The interest spread in our local Grace Brethren church. We did not want to be duped, and this was so compelling of an argument that we wanted to have an earnest discussion with an “authority.” So, men with connections to Grace Seminary summoned Dr. Herman Hoyt, former president of the seminary and distinguished professor of “everything,” to come and visit with us on October 5, 1990 at 7:00pm in the living room of Mr. and Mrs. Dale Denlinger. We had no idea that being Bereans (i.e., searching the Scripture to see whether these things were so) was about to cause an eruption, literally.
The evening was attended by several men and their wives, including mine. My dad was there. After introductions, Dr. Hoyt launched into a speech which explained the whole impetus behind The Prewrath Rapture of the Church: money. Marvin Rosenthal was making money off a book. That was his whole reason why we should not agree with him. But we had read the book, and that was, of course, a non-answer. Our pastor brought the focus back to the question at-hand: “Was the system accurate? What are the specific problems?” Dr. Hoyt gave an answer that my dad and I joke about to this day. His one word answer, for the remainder of the evening, was “Gobbledygook.”
“It’s all just gobbledygook,” he would repeat. That is exactly the word and the extent of the answer we received, from this esteemed Th.D. of one of the foremost evangelical seminaries in the nation at that time.
Sitting across from Dr. Hoyt, eager with all ears tuned in, I was more than disappointed. I wondered if the wrong questions were being asked, since the only answer he could muster was “gobbledygook.” So, hearkening back to my own questions about the Second Coming and Matthew 24, I supposed that Dr. Hoyt might discuss the issue of the word parousia. I asked a simple question, “What does the word parousia mean, and how does that support pretribulationism better than prewrath?”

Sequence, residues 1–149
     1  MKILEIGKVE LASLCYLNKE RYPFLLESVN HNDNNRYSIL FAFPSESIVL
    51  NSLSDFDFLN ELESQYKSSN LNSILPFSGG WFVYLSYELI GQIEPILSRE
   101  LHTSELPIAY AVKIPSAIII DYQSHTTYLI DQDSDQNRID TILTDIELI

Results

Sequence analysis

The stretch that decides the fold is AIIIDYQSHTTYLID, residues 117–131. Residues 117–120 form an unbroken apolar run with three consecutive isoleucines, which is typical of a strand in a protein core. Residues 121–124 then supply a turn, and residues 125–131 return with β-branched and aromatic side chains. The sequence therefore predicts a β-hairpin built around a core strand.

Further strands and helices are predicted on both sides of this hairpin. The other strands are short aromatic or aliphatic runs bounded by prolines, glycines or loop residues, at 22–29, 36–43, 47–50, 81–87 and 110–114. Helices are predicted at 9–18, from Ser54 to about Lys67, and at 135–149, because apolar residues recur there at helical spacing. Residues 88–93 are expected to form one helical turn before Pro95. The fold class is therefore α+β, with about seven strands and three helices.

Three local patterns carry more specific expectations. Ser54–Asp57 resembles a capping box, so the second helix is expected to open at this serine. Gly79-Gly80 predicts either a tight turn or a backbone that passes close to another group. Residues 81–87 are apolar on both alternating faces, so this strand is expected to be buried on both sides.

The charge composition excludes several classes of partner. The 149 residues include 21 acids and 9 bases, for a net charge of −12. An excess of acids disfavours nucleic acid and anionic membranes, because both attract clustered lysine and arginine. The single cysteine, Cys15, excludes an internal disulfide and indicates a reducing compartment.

At that moment, the sun went dark, the moon turned to blood and stars fell from heaven.
Well, not quite.
What happened next was startling. Dr. Hoyt used his left hand to point directly at me, while his right hand held a full glass of water. He sat forward, and bellowed (this is a quote), “I know the Greek! Who does he think he is asking me? The problem with you is that you have not studied what I have!” And then, in a fit of rage, his other hand shot the contents of that glass into the air, everywhere&—on people, table, walls, chairs. I sat there, momentarily stunned, and then embarrassingly amused (which didn’t help) while Dr. Hoyt became so animated that his sweet wife had to hold him down in the chair while screeching to him, “Dear! Dear!”
As the hostess began to clean up the mess, Dr. Hoyt informed her, and the rest of us sitting in awkward silence, that he didn’t need that glass of water anyway because he makes enough spit of his own.
This story is true. It is both funny and sad at the same time. So many Bible students, simply wanting to have clear, biblical explanations, have been on the receiving end of shallow and barking responses, instead of being instructed “with great patience” as Paul commanded Timothy. The fabric of God’s Word is woven without frayed ends. We must diligently study the Word of God to know it personally, showing ourselves approved unto God.
by David Mohler